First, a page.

By Staff
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130 Wimbledon Crescent SW Calgary, Alberta, Canada T3C 3J3

That’s what I told the fellow that ran the antique and yard
ornament business that I visit once in a while. ‘But I brought
it in because I thought you were interested in old stuff,’ he
said. I replied that I was looking for old engines, the kind with
big flywheels that weigh lots, used by farmers to pump water and
other chores. Besides, I thought, the price was a bit steep. So it
sat in his storage yard.

Every once in a while, I would stop in and see what sort of good
stuff he had in his antique shop. Over the next two years, I bought
a Briggs and Stratton WMB and an AP engine off him. All the while,
the little garden tractor sat in his yard. Poor little thing,
sitting there in the cold and the snow. It sure gets cold in the
wintertime here in Calgary; sometimes it can get to 40 degrees
below zero. Fahrenheit or Celsius, the scale doesn’t matter
when it’s that cold! All covered with snow, amid the old rusty
pumps, plows and other junk. Actually it was not in that bad a
shape. It looked complete, all rusty with traces of green paint and
yellow paint on the wheel hubs. Further inspection revealed that it
was a Bolens Handi-ho garden tractor. It had two tractor wheels in
the front, and a small plow behind with two wheels. The front of
the tractor was cast iron with the name ‘Bolens’ cast into
it. Over the engine was a metal shroud going to the gas tank. The
engine was a small Briggs and Stratton Model 6F. The engine had no
compression and a very feeble spark-but it still ended up sitting
in his storage yard.

Springtime finally came, the snow melting as it warmed up. A lot
of people started thinking about yard work and growing gardens. I
stopped by the antique shop like I normally do once in a while to
look at all the good stuff. The owner approached me, and after the
usual greetings and formalities, asked me to make an offer on the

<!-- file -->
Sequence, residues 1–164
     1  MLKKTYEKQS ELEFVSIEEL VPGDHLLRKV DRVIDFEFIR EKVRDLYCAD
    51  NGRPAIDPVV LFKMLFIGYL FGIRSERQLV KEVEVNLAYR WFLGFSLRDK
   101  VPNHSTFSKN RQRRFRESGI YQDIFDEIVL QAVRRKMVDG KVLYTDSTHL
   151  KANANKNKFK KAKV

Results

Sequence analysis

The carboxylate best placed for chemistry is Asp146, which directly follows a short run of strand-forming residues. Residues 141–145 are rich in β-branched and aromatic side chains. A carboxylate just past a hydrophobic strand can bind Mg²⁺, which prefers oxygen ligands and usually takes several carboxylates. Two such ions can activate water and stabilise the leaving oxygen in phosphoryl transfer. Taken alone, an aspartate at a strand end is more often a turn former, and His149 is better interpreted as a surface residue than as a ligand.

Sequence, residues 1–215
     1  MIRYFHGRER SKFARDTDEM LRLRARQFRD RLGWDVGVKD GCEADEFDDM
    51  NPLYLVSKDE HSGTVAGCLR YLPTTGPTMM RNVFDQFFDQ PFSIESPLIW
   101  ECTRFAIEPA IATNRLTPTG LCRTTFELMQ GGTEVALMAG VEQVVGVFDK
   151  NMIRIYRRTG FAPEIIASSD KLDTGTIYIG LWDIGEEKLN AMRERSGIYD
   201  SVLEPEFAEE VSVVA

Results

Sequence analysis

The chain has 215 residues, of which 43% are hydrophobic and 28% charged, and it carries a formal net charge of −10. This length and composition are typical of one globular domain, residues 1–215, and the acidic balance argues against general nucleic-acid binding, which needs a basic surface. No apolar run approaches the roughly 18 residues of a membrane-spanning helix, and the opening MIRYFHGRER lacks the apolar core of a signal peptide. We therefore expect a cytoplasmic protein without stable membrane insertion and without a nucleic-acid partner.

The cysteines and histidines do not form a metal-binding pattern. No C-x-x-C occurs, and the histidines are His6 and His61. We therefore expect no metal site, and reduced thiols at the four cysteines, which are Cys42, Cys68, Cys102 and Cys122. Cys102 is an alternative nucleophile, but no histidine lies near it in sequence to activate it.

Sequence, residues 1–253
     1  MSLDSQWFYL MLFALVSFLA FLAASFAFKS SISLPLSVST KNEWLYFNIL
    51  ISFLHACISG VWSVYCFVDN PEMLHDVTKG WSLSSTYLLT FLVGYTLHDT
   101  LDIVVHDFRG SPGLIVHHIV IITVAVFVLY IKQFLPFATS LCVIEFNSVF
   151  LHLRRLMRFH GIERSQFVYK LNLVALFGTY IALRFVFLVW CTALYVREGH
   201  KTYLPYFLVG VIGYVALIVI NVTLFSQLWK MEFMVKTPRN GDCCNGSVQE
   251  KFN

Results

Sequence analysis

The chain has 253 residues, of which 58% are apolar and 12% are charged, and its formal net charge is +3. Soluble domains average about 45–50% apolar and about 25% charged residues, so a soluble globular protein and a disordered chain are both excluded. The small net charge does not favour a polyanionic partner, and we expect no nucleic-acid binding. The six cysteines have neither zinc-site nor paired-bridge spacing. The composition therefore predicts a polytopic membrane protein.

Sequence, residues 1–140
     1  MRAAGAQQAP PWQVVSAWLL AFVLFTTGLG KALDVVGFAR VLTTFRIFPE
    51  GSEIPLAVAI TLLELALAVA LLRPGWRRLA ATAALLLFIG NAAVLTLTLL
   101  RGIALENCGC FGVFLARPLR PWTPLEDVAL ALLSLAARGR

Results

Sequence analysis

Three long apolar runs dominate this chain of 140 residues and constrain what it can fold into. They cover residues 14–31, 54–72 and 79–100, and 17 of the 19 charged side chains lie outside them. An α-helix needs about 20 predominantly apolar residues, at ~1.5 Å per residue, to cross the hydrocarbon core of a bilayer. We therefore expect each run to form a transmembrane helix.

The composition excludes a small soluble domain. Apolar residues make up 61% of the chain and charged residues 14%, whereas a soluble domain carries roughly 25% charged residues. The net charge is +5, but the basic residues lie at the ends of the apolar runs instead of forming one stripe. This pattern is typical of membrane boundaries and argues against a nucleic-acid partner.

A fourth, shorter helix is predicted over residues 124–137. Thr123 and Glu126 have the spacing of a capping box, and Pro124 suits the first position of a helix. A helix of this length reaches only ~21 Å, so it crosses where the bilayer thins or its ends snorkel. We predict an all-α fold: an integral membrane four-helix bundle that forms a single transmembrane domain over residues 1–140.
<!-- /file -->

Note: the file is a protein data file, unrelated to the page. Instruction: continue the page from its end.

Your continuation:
garden tractor. (Must have seen me looking at it.) He needed it
cleared out to help make room for concrete yard ornaments of which
he was expecting a large shipment. I said I was not sure, since I
was not really into garden tractors. Finally he said a figure, and
before you know it, I said, ‘Sold!’ Money exchanged hands.
I went home to get my trailer, and in a couple of hours, I had the
tractor home and unloaded. For a small tractor, it sure seemed
heavy. Now it sat in my garage.

Spring turned into summer. With summer came holidays and other
good things. The tractor sat in the garage, with stuff piled around
it. The fall came and we decided that perhaps we should make some
room in the garage so the car could at least be put in one side of
our double garage. Actually it was not as bad as it seems; most
stuff I was able to put away without any problem. There still was
the matter of a certain little tractor. It did take up a fair bit
of room. By unbolting the plow, I could put that outside and keep
the tractor in the garage. It had spent enough winters outside

Around November of that year, I was out in the garage, finding
myself staring at the tractor. It would not take much effort to
take the top cowling off, and the cast iron front, and the engine,
and the wheels, and the drive sprockets, and so on. Besides, my
kids had asked several times when I was going to repair it. So next
thing you know, there were tractor bits all over the workbench.
Well, if it’s already half apart, I might as well keep going
and restore it. It can’t be that bad to work on. So the
decision was made to go ahead with it, even though I had started on
an International ‘M’ engine a month earlier. The
International needed to have its piston soak in oil, anyhow.

So, just about anything that could be taken apart was. The frame
had layers of oil-soaked dirt on it that was scraped off. Drive
gears and sheet metal parts were cleaned. A few cracks in the metal
were brazed. A shaft with a small sprocket at each end was removed
and cleaned of old grease. This shaft ran in needle bearings that I
ended up replacing. I also ended up replacing the drive chains. All
this good stuff was set aside for painting. On to the wheels: after
scraping all the loose rust off, I ended up sandblasting the rims
to get them clean. Rims are hard to scrape. I was also tired of
scraping by this time. I found out why the tractor was so heavy-the
tires were fluid filled. They were drained to make the tractor
lighter. This is a retired tractor, anyhow. That was why it was
difficult to unload. I remember after the unloading, my neighbor
across the alley from me showed up to look at it. ‘I would have
loved to help you unload if I had been around.’ He was around
all right! Hiding no doubt, until I was done! It’s not the
first time this has happened! Oh well, back to business. I like a